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Duplicate Content: Myths, Mayhem and Making Sense of it All
Thursday, October 28, 2010
We have not discussed duplicate content recently.  Still there are mixed reports as to whether duplicate content is still that big of an issue or not.  The fact is is that if you utilize the same content that exists elsewhere and are malicious with regards to search, you can be "penalized" for this.  While Google says that you may not get penalized but a "filter" might be applied.  Penalty... filter, let's be honest, Google will control your online destiny, at least in terms of Search.

When you are a company that is trying to organize the world’s information (Read: Google), relevancy and duplication are big concerns.  With all due respect to Google’s advertising platform, Google is in the business of Search and all about providing the world’s informaiton to those in search of it.  Google’s mission: to organize the world’s information and make it universally accessible and useful.  If you have been in the Search industry for some time, you will of no doubt heard the proverbial “content is king” statement.  A bit of a more accurate statement might read “unique content is king”.

Some of you might remember Google’s Supplemental index where Google placed older pages or perhaps “duplicate pages” in limbo in a separate index from their main index.  The supplemental index still exists, Google just does not communicate to us the supplemental results.  Is this where duplicate content ends up?  Perhaps, but over recent years, there has been conflicting reports about Google and their duplicate content penalties.  Google more recently has stated that they do not penalize sites for duplicate content.  So what’s the deal with duplicate content?

Myth #1:  Google penalizes sites for having duplicate content
Technically Google does not penalize a site if there is duplicate content.  According to Greg Grothaus of Google’s Search Quality Team, “this is not the case. That’s not to say that duplicate content can’t have a negative impact on your rankings, but Google itself is not penalizing you for it. “   Having said that if you are blatantly scraping content from another site or resource, Google will deal with it.  The algorithm is smart enough to factor in the age of the content or longevity (based on link popularity etc.) as to the authority of the content.  Chances are if there is duplicate content, Google will pick an authority and that authoritative piece of content is the content that will be placed in the index and be found in the search results for a given keyword query.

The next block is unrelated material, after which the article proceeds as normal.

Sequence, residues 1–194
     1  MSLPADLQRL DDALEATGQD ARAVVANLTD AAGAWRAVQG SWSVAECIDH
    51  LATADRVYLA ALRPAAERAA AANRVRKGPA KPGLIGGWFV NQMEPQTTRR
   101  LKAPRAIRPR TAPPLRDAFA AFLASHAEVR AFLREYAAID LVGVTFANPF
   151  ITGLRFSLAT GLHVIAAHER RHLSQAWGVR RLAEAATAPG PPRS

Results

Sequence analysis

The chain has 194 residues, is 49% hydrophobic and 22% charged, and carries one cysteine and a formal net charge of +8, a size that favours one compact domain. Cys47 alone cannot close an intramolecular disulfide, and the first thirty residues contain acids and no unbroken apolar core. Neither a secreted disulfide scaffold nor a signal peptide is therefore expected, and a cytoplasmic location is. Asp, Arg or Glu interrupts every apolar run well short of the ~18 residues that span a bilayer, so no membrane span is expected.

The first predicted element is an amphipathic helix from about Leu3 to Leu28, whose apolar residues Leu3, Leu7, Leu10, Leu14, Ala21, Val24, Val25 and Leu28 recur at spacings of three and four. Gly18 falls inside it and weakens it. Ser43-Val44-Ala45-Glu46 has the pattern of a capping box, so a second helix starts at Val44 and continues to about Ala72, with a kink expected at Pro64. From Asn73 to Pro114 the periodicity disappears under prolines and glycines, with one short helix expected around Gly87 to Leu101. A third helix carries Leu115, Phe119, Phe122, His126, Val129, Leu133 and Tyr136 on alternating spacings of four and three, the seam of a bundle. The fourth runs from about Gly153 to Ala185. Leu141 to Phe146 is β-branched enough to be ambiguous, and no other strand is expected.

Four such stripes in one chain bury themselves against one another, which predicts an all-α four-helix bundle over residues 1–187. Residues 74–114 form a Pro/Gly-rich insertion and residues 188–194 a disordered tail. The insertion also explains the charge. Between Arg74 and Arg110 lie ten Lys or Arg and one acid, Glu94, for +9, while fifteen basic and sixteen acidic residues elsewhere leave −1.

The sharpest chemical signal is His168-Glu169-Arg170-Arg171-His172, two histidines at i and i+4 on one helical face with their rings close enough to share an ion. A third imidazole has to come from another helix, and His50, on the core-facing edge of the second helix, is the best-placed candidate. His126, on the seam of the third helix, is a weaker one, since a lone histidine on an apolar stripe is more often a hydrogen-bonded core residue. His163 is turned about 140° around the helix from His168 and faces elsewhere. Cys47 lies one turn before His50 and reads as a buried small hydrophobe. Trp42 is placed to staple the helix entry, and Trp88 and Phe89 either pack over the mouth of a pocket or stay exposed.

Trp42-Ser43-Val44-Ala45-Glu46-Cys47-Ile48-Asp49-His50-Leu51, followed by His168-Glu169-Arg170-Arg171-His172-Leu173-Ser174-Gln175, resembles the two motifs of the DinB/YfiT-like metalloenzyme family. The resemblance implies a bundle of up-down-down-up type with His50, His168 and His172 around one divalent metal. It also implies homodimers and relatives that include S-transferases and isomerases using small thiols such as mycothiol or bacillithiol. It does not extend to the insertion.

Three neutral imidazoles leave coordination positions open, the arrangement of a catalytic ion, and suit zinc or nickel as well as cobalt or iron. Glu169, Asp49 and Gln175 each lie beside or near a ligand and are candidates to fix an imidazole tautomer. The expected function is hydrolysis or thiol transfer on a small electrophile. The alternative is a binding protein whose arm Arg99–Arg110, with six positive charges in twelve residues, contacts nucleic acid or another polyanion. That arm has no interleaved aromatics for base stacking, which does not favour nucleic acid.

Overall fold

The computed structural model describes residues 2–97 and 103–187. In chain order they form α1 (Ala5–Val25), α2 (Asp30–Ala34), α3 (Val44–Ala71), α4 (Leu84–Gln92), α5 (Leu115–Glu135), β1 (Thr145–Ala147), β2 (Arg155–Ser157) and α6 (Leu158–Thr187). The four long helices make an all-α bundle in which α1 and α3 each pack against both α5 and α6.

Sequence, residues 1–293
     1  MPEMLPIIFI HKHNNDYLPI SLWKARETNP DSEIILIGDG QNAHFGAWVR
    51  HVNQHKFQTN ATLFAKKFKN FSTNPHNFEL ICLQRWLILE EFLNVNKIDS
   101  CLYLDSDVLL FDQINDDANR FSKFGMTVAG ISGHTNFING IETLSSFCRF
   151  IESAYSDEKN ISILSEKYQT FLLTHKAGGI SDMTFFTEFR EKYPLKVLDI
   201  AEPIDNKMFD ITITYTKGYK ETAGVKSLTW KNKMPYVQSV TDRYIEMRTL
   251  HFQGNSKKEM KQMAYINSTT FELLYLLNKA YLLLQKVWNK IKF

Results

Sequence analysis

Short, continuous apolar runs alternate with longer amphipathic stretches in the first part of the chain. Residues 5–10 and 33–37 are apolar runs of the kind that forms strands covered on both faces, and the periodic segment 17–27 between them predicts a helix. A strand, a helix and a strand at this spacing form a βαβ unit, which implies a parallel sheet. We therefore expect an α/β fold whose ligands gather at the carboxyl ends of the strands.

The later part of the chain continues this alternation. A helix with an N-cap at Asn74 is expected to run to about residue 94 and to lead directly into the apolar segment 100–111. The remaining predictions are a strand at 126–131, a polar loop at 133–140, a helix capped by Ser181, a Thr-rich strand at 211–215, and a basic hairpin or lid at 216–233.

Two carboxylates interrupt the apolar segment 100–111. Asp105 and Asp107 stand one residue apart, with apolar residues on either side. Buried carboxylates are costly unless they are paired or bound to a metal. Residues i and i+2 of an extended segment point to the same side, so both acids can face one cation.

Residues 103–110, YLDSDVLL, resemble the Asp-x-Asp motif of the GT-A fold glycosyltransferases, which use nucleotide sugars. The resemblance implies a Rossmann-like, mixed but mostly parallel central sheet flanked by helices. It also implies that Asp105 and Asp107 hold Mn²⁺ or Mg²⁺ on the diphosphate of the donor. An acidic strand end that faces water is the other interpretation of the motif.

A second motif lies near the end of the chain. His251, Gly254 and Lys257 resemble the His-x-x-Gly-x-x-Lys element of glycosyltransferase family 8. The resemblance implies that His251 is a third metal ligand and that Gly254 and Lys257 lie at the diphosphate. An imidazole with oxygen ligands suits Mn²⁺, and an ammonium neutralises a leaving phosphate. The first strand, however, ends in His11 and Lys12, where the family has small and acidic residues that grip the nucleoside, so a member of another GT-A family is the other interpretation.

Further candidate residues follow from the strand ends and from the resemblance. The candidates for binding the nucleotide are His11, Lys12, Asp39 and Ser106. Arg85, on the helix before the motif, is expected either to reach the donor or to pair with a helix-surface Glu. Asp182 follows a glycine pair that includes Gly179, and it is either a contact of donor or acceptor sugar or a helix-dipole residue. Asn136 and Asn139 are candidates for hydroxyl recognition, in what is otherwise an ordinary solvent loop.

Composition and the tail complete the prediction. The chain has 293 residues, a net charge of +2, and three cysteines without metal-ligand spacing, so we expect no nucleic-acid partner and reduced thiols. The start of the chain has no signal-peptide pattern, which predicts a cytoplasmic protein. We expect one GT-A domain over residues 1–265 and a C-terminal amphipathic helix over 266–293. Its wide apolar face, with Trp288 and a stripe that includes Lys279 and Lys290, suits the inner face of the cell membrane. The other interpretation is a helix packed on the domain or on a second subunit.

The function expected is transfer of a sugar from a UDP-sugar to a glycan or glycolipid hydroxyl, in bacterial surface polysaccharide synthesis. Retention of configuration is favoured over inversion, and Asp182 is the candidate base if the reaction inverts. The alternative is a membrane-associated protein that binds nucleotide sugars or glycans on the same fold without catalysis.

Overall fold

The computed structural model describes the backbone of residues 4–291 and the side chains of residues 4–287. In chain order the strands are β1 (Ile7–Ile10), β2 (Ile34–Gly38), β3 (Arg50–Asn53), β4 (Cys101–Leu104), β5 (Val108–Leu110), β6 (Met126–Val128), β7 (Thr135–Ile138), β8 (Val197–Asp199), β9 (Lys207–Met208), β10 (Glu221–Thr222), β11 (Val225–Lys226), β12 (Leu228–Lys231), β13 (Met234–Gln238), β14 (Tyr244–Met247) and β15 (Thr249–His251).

Myth #2:  There is a certain percentage of duplicate content that is acceptable
Think of it this way, Google is like a library and they are trying to organize books (i.e. web pages) by topic (i.e. relevancy).  A duplicate entry does not necessarily provide a richer experience, so Google rather than serving up  multiple copies of the books decides to serve up a single copy that is the most relevant to the user.  With Google, duplicate content is simply a factor on a “by query” basis.  Experience suggests that if you have multiple web properties with the exact same content, only one of the web properties will show up in the search results for a given query.   However that’s not to say that if you modify your query, your other web property may in fact show up.   The fact is duplicate content creates “noise” and pollution on the Web.  There is no magic percentage as to what amount of content could be duplicated between your web properties.  The fact is that if you want users to find your site, make your content: